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Camping and Equipment

Summer Camp – Troop 60 goes to camp for one week in the summer at Camp Hidden Valley, where scouts focus on earning merit badges.  We recommend the First Year Program for new Scouts at Hidden Valley, which teaches basic camping skills, and helps new Scouts on their way to Tenderfoot, Second Class and First Class ranks.  Camping forms are due in March, so be sure to check out the forms section on this website for more information!

Equipment – There is a lot of equipment you need to go camping, but that does not mean that you have to go out and immediately buy a lot of expensive gear.  When looking for camping equipment keep in mind two things:  (1) new Scouts start off small and grow rapidly (a sleeping bag that fits today will be too small tomorrow) and (2) new Scouts will not be doing major hiking or extreme weather camping their first year.  More information about equipment is available on our Forms&Info web page.  You will find a Personal Equipment List there and Winter Camping Information.

Troop and Patrol Gear – Troop 60 owns tents and cooking gear that are supplied to the patrols.  Patrols generally have to supply their own food.  The patrol plans meals during regular troop meetings and appoint a Grubmaster to purchase the food and pack it into a cooler. The Troop also issues a lantern to each patrol to use when cooking.

Backpacks – DON'T BUY A BACKPACK RIGHT AWAY!!! Since the distance most first year Scouts have to travel is from the back of the car to the tent, a duffle bag or a daypack (like a backpack used for school) is usually sufficient and packs well in car.  

Sleeping bags – A 25° (F) sleeping bag is more than adequate for most of the trips a new Scout will do in the first year.  Even when the temperature goes down to zero the Scouts will be sleeping inside tents with other Scouts, dressed, and with a bag liner or blanket inside the bag.  Sleeping bags filled with down are to be avoided.  Although they are the “warmest and lightest” they lose almost all of their insulating ability when they get wet (a common occurrence for new Scouts) and cannot be dried out on a camping trip.  The new synthetics are almost as good as down, retain most of their insulating capability when wet, and can be dried on a camping trip.  Mummy bags are good because they heat up faster, are lighter and easier, and usually come with a hood to keep the head warm.  They can sometimes be uncomfortably for new Scouts, however, because they feel constrictive.  If you would like to try out gear before purchasing, visit REI in Natick– they rent out equipment.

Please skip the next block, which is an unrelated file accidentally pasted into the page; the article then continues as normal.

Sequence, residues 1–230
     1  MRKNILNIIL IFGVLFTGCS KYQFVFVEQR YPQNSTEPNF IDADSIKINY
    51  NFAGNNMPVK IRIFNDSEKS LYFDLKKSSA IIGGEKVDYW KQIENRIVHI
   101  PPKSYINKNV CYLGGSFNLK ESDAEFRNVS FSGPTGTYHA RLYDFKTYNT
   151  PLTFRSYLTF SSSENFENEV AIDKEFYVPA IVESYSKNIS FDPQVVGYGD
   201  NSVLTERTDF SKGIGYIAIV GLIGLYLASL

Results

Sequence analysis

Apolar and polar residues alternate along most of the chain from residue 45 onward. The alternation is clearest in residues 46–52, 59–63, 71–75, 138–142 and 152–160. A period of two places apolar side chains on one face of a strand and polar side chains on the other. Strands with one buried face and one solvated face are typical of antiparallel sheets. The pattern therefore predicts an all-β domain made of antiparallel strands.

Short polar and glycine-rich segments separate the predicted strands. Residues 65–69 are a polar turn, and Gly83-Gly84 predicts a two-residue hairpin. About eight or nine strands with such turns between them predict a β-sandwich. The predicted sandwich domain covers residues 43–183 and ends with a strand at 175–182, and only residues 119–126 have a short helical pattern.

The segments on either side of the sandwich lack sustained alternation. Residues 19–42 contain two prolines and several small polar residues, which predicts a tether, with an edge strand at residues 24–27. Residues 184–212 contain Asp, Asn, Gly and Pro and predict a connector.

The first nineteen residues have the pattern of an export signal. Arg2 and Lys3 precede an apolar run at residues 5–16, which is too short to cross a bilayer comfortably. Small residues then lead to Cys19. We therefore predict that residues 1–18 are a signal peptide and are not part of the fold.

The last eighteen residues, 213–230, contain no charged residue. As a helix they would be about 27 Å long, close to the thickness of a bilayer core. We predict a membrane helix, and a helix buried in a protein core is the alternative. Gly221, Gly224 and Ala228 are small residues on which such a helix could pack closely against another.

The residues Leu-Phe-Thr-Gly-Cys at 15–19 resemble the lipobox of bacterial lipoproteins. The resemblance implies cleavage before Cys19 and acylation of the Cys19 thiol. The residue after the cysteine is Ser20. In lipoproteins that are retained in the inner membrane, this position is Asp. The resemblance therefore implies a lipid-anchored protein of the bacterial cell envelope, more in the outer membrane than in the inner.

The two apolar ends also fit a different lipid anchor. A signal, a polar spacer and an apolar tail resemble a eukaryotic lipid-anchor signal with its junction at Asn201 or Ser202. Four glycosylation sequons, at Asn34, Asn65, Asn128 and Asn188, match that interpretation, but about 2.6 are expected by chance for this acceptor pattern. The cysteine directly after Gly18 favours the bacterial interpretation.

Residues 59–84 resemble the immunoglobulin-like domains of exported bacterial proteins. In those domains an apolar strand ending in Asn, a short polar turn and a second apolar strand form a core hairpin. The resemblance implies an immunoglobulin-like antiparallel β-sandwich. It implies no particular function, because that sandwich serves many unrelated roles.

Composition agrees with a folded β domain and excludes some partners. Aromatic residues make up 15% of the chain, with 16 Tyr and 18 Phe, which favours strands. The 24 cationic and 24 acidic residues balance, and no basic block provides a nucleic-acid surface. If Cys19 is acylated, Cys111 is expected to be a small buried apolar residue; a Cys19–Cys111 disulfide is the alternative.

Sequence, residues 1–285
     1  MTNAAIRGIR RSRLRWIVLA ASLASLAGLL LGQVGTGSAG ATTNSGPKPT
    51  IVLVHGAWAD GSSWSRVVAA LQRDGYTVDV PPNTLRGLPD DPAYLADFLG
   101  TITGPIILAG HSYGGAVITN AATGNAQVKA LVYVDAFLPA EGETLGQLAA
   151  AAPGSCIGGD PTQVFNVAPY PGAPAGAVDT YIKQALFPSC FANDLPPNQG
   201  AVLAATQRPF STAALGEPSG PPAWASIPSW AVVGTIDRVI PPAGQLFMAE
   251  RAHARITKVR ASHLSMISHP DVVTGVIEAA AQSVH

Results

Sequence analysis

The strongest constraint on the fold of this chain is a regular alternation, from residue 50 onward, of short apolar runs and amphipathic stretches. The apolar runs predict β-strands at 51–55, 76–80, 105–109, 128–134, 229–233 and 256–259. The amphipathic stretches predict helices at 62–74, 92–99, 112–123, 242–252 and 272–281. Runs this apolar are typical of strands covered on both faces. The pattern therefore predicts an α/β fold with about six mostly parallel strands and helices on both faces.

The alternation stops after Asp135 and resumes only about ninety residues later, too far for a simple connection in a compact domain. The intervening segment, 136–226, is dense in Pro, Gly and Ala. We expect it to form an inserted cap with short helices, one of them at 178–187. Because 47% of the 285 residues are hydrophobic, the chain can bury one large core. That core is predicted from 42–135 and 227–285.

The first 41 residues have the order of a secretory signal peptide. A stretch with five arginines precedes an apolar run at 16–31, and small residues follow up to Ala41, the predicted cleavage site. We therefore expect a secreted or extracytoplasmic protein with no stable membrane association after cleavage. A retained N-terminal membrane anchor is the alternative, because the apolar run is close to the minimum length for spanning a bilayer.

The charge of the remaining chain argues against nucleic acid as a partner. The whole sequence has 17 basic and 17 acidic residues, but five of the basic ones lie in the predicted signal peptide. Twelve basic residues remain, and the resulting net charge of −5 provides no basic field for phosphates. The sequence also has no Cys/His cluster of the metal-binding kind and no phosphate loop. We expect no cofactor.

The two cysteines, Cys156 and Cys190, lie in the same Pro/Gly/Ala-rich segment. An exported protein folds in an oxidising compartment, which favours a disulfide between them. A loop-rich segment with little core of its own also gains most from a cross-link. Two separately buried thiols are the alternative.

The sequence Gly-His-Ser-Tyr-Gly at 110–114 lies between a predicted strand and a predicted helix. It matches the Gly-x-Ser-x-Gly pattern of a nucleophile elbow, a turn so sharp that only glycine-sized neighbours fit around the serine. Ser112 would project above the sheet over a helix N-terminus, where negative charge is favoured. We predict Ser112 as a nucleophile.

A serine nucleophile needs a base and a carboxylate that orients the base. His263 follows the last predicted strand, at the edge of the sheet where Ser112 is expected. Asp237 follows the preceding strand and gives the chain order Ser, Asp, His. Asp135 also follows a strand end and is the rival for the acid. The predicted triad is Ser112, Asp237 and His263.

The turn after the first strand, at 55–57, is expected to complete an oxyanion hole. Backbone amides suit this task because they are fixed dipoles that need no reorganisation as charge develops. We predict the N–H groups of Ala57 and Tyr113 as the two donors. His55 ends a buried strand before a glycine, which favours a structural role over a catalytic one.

Boots - Boots are an essential for camping.  Sneakers do not provide any ankle support and quickly get wet with a little rain.  Boots should go above the ankle and should have a gusseted tongue (the tongue has extra material to the sides that attach to the boot) so that water and dirt are kept out.  Look for a minimum number of sewn seams (because they all have to be waterproofed) and a cemented or sewn sole.  Get a good foot liner to help wick moisture out of the boot.  See pages 200-201 of the Scout Handbook for more information about boots and socks.

Socks – Always pack extra socks.  Socks should be made of polyester or wool.  Once cotton socks become wet (sweating), they stay wet, but polyester and wool socks wick the moisture away from the skin. Even in mild camping weather, feet can become extremely cold with cotton socks!  Scouts should have a fresh pair of socks to change into at night, and another pair for the morning.

Flashlights – Many scouts use headlamps, which allow you to use the lamp and still have both your hands free.  The headlamp is particularly convenient when Scouts are finishing cleaning up after dinner at dusk.

Mess kits – Don’t go out and buy those army style mess kits where everything fits inside everything else.  They are made of metal which lets the food get cold quickly and easily get bent out of shape.  What you want is a good study plastic plate and bowl that will not break when dropped or stuffed into a pack on the way home.  Utensils can be any old mismatched set of knife, fork, and spoon that you won’t worry about if it doesn’t come home.  For drinks use a good plastic mug.  Don’t get a collapsible cup.  Many of our Scouts have plates and bowls made of Lexan polycarbonate.

Raingear – Almost everyone goes through what we call an “evolution” in raingear. First year Scouts usually wear a poncho.  It’s easy to pack, quick to put on, and works for about five minutes in a downpour, unless you’re hiking.  By the second year they’ve switched to a plastic or rubber coated rainsuit.  While this offers more protection Scouts eventually realize that they are sweating inside as much as its raining outside.   Finally they end up in a nylon or Gore-tex rainsuit that lets the body breath and also serves as a jacket when it is cooler.  By this time, the Scout has grown significantly, and hopefully will be able to use this rainsuit well into young adulthood.

Water Bottle – A water bottle is essential for camping.  Most of our scouts carry Nalgene bottles or something similar and clip them to their belt loops with carabiners.

Who packs?? – Never let someone else pack for you, not even your parents!!! You are the one going camping and in the middle of the night when your flashlight dies and you need your spare batteries, you are the one who needs to know in what pocket of the backpack they are in.  Your troop guide or one of the other older scouts should be inspecting your pack for the first campout or two to show you how and to make sure that you haven’t forgotten anything.  Also, if it has a battery in it and it is not your flashlight, leave it home.  Game boys, i-pods, etc. are not allowed at camp. Never bring anything camping that you’re not afraid of losing or breaking.